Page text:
Malawian health minister Jappie Mhango made the announcement on Tuesday. Photo: Malawi Government/ Facebook
Malawian health minister Jappie Mhango made the announcement on Tuesday. Photo: Malawi Government/ Facebook

Malawi records first Covid-19 death

By Molaole Montsho Time of article published Apr 7, 2020

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Rustenburg -  Malawi recorded its first Covid-19 death and added three new cases to its tally on Tuesday, bringing its overall number of infections to eight.

According to health minister Jappie Mhango, who also heads the country's Covid-19 cabinet committee, the deceased was a 51-year-old woman who died in Blantyre on Tuesday morning. 

News website, Malawi24 reported that the woman was of Indian origin and had recently returned to Malawi from the United Kingdom.

"She had an underlying medical condition. Our Blantyre District Health Office and Environmental Health Team is assisting with the burial arrangements. As a nation we grieve with the family of the deceased and I urge you all to respect their privacy," the publication quoted Mhango saying.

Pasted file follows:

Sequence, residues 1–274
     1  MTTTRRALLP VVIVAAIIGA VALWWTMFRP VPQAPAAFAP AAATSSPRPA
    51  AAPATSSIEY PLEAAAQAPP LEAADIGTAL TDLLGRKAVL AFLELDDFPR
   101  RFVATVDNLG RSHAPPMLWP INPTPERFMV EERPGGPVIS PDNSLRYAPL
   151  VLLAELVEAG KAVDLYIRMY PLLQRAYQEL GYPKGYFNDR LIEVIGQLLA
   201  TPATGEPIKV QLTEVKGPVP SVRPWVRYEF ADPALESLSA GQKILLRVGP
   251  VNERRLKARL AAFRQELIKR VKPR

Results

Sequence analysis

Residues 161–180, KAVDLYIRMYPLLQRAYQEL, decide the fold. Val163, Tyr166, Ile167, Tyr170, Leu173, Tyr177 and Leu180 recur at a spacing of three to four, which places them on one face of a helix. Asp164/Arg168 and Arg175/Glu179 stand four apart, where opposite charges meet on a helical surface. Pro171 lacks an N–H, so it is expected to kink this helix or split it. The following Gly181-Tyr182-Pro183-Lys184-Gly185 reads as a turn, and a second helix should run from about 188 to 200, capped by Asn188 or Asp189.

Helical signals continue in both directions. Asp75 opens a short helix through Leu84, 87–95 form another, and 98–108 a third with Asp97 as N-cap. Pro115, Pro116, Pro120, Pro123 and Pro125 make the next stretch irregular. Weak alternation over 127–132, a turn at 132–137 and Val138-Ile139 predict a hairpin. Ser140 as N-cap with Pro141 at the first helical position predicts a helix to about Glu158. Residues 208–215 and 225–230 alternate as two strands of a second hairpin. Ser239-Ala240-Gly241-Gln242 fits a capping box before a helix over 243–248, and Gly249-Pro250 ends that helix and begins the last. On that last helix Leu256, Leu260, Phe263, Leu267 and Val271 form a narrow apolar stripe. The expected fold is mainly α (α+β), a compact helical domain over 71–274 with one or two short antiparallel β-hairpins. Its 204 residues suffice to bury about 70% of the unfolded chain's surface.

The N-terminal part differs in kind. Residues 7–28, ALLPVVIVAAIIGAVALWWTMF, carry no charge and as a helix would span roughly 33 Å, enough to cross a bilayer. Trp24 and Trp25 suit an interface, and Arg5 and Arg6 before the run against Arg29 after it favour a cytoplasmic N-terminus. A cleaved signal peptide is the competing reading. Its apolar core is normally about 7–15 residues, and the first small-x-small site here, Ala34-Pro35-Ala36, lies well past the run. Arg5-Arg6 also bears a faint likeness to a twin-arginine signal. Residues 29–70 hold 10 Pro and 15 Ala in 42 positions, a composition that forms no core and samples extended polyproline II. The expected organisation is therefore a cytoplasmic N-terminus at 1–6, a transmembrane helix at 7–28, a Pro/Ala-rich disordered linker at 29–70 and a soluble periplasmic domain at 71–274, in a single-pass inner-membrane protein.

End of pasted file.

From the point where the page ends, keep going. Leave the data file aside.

Two of the three new cases were recorded in Blantyre, while the other case was from Chikwawa, Malawi24 reported. 

   

One of the patients is a 34-year-old woman who came into contact with the first case victim, who was registered on Monday.

The second patient is a 28-year-old woman who travelled from the United Kingdom to Malawi on March 19.

The third patient is a 30-year-old man who travelled from South Africa to Malawi on March 16.

The coronavirus first surfaced in Wuhan, China, in December 2019. 

It has since spilled over to other parts of the world, with 1.3 million infections confirmed globally. Over 76 000 deaths have been recorded, and close on 300 000 people have recovered from the virus, according to statistics referencing website Worldometers.   

African News Agency (ANA)

* For the latest on the Covid-19 outbreak, visit IOL's  special #Coronavirus page.

** If you think you have been exposed to the Covid-19 virus, please call the 24-hour hotline on 0800 029 999 or visit  sacoronavirus.co.za 

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